Rescue efforts for more than 50 miners believed missing were suspended late Thursday as relatives waited for word on the fate of the trapped workers.
Methane and carbon monoxide in the mine impeded efforts to get to where they thought the miners were trapped by the explosion Wednesday at the San Fernando mine, south of Medellin in Antioquia state.
"It's impossible that anyone is alive," said a sobbing Diana Sepulveda, 28, whose husband, 25-year-old Wilson Salinas, had begun work at just eight days earlier. "If the explosion didn't kill him, the gas did because it was very dense."
There were 70 to 80 workers in the mine and a shift change was in progress when the explosion occurred, officials said, adding that two injured workers managed to escape. Sixteen bodies were recovered.
"I felt the explosion and it lifted me up. I felt the flames on me," a surviving miner, 31-year-old Walter Restrepo, told RCN Television from a hospital bed where he was recovering from burns.
A methane gas buildup is believed to have fed the explosion that occurred in a long access tunnel that drops to a depth of 500 feet.
There were conflicting reports from Colombian officials on whether parts of the tunnel, supported by cement-reinforced steel arches, had collapsed.
Antioquia state mining secretary Nicolas Lopez said the mine's ventilation system was damaged but had resumed operation. There was no way to communicate, however, with the trapped miners to know if any were alive and receiving oxygen.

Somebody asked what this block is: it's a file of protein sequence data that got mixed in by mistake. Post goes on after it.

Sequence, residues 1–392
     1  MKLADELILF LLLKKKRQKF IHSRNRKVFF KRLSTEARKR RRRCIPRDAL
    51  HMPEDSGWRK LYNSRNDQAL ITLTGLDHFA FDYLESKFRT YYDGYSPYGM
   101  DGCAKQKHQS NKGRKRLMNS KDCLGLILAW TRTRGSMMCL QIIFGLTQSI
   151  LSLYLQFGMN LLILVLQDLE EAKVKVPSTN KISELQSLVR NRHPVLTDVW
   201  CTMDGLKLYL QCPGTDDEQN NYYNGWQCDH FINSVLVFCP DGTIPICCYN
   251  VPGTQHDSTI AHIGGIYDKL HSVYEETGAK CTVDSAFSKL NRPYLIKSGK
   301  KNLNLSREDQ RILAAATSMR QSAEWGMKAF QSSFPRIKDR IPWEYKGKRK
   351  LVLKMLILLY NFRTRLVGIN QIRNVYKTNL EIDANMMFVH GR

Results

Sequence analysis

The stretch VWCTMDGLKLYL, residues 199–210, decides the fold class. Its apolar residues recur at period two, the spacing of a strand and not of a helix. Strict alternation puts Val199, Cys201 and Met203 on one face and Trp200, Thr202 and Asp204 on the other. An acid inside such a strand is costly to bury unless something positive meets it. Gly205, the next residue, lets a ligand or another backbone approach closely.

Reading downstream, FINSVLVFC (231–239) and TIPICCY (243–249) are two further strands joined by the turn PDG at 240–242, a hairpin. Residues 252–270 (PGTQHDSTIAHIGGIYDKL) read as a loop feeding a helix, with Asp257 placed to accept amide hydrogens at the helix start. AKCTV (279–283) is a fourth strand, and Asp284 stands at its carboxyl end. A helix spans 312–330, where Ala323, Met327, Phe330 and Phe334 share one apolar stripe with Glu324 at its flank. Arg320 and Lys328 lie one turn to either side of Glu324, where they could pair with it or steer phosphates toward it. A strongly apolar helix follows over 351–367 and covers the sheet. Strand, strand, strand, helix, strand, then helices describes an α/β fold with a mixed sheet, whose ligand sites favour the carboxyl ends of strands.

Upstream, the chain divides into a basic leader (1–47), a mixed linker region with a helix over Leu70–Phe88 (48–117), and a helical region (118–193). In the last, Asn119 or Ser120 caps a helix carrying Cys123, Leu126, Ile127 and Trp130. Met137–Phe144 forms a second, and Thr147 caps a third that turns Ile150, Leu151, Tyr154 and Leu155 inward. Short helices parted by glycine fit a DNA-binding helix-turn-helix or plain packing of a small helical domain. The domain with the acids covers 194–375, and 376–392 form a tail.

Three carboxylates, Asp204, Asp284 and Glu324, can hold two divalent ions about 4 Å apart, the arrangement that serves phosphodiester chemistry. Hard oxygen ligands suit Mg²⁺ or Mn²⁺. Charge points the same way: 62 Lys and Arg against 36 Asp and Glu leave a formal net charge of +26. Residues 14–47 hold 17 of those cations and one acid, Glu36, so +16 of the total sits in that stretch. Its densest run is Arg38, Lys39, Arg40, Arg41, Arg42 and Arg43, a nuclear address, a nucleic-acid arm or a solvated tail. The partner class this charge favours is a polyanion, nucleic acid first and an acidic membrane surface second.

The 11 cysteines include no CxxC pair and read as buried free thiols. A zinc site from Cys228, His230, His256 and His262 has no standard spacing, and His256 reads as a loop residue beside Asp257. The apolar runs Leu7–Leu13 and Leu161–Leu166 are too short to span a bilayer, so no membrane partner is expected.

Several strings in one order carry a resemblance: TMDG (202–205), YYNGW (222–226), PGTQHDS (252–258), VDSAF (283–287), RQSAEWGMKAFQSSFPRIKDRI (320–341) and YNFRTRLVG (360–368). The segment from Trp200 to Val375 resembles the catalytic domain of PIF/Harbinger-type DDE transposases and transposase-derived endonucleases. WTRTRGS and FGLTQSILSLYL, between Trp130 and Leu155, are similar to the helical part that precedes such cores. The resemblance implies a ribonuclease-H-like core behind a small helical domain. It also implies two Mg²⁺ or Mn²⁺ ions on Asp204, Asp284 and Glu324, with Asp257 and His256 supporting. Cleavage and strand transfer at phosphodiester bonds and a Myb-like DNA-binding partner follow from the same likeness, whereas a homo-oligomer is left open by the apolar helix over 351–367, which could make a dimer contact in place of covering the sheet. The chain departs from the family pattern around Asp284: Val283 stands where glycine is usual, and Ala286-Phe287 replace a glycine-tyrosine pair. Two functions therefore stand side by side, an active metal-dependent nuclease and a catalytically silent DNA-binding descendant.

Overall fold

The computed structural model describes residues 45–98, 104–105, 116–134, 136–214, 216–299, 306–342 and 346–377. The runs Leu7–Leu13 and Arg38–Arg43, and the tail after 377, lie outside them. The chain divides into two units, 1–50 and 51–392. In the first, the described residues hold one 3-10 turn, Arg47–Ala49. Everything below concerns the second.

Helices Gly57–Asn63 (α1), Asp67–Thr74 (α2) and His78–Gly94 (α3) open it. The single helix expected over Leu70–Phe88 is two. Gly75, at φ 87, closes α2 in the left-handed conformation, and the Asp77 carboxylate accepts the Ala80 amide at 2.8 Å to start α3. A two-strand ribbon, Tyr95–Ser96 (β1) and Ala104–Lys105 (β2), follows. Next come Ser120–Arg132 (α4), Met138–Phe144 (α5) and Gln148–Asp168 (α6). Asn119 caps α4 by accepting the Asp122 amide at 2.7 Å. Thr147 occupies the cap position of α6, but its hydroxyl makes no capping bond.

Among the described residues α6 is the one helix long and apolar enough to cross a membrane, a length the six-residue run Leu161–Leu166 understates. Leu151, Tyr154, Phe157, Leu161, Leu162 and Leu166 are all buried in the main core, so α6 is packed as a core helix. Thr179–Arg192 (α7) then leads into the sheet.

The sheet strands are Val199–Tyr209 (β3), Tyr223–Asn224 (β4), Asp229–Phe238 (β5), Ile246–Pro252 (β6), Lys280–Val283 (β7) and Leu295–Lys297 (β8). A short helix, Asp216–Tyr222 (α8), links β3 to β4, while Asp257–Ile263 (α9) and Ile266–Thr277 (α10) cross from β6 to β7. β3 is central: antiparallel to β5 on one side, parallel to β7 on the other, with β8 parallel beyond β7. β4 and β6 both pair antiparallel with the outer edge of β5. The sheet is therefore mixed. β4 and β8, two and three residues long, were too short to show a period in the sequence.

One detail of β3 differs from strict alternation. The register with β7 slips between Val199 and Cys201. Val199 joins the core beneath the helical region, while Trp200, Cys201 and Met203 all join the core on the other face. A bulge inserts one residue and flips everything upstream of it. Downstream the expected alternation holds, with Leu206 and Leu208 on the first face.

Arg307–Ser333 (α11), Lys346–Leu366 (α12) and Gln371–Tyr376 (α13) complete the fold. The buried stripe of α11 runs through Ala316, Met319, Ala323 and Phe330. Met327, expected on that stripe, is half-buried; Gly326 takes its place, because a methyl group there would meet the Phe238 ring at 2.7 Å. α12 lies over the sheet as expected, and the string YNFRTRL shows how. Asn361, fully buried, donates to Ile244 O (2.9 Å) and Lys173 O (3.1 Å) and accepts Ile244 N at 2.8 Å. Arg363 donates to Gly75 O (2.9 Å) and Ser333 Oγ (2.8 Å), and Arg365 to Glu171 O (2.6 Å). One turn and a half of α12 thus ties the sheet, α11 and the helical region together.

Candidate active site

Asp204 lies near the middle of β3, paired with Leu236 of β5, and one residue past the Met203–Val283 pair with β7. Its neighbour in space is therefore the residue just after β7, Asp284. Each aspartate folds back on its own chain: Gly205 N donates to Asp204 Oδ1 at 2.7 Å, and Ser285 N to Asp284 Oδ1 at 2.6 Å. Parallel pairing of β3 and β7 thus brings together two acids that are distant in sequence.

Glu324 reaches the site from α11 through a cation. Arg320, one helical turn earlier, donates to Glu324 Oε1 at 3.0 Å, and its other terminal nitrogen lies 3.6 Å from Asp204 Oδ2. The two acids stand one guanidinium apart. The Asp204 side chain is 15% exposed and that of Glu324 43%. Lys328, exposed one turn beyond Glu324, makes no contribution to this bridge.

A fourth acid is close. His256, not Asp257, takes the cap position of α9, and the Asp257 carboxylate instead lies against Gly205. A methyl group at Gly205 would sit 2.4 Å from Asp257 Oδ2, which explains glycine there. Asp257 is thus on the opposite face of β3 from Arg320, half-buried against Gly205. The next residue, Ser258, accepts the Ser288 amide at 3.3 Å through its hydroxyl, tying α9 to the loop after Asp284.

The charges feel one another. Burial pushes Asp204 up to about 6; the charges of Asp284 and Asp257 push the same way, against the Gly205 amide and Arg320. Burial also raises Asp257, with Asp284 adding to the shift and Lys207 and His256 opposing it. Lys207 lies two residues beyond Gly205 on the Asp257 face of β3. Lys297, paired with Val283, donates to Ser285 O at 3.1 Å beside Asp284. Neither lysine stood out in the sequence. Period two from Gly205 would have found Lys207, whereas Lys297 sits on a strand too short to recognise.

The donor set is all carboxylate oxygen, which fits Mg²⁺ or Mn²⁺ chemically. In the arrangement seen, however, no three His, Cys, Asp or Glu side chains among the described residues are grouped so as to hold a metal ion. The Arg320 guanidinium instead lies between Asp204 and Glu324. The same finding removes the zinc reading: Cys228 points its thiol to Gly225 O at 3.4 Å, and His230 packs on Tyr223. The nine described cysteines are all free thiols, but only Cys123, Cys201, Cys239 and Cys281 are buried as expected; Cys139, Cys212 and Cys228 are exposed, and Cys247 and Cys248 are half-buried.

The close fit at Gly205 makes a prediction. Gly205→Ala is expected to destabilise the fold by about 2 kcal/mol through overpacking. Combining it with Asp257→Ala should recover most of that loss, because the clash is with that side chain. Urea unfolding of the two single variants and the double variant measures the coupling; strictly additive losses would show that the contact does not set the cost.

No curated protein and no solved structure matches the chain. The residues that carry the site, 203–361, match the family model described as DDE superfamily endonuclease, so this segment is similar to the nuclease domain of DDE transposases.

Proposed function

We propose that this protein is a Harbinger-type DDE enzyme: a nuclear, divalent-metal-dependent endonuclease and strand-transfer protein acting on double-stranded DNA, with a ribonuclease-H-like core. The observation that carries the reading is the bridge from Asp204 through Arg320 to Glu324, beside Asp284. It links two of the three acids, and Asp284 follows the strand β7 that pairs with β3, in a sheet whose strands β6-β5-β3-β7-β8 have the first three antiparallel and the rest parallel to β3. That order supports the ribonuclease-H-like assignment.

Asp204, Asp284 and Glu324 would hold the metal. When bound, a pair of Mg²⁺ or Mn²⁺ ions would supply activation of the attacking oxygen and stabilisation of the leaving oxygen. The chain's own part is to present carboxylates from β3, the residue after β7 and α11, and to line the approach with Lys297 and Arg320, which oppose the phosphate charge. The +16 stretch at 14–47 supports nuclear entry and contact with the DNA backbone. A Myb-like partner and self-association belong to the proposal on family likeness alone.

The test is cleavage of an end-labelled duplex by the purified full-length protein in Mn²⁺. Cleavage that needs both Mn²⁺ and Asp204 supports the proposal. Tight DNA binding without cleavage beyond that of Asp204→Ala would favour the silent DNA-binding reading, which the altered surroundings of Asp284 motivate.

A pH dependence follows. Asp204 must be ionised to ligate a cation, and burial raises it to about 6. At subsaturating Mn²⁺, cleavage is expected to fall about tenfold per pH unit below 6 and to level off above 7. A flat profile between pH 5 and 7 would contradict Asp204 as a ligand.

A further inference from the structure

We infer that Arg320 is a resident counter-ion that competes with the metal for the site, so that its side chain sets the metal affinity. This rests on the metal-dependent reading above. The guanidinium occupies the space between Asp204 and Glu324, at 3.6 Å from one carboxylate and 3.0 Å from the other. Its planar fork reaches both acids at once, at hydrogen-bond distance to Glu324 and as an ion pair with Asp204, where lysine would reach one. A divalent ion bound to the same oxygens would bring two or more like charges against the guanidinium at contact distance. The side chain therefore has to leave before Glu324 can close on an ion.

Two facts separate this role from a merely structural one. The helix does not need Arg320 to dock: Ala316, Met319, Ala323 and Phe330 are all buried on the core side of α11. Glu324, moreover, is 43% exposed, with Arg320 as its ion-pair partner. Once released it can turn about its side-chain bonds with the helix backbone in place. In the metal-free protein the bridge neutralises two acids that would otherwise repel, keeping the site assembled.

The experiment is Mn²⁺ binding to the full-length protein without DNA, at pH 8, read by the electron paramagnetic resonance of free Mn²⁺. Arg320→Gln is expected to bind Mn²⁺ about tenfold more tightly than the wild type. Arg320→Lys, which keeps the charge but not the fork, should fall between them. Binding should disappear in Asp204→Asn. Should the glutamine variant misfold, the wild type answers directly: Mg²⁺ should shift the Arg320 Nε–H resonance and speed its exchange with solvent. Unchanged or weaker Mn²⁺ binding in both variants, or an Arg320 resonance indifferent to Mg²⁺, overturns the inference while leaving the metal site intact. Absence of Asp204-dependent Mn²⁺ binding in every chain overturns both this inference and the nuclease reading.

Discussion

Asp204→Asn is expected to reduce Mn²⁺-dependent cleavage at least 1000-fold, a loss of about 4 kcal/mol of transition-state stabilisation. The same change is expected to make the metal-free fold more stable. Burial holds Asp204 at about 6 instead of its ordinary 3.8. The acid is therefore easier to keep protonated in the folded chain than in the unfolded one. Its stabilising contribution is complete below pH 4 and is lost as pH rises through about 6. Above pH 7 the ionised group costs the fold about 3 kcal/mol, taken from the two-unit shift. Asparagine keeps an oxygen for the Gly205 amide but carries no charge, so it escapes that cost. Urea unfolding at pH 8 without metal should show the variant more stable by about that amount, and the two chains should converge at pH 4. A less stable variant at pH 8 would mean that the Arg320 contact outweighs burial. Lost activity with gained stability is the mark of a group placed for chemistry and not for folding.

About 100 rescue workers were on the scene in rugged coffee-growing mountains in the municipality of Amaga.
Uribe said in a statement announcing the confirmed deaths that the miners faced "a very difficult fate."
Relatives of the missing miners said working conditions in the mine were generally good but that it tended to get very hot underground - about 40 to 45 degrees Celsius.
Mining Minister Hernan Martinez said the mine's records indicate it lacked a methane ventilation pipe and gas detection devices - basic safety features in all coal mines, where methane gas buildup is common.
Lopez said the mine complied with the minimum state requirements set by the state Institute of Geology and Mining. However, the institute said in a news release that experts inspected the mine last month and found it "didn't have gas detection devices, one of the fundamental requirements to guarantee safety in case of an explosion."
Jorge Buitrago, general manager of mine owner Carbones San Fernando, was asked whether the mine complied with safety requirements for the monitoring and control of gases.
He told The Associated Press that "we complied with the conditions," but refused the elaborate.
Most mine explosions are caused by a spark or short-circuit of a motor.
At least nine workers were killed at the San Fernando mine last August.
The biggest loss of life at a mine in modern Colombia occurred in 1977 when 85 people died in another mine in Amaga, also in a gas explosion, said Tomas Charris, a Uniandina University researcher.
San Fernando is one of 3,000 subterranean mines in Colombia that produce 6 million metric tons of coal a year, said Jorge Martin Molina, an engineer in the mining department at Colombia's National University.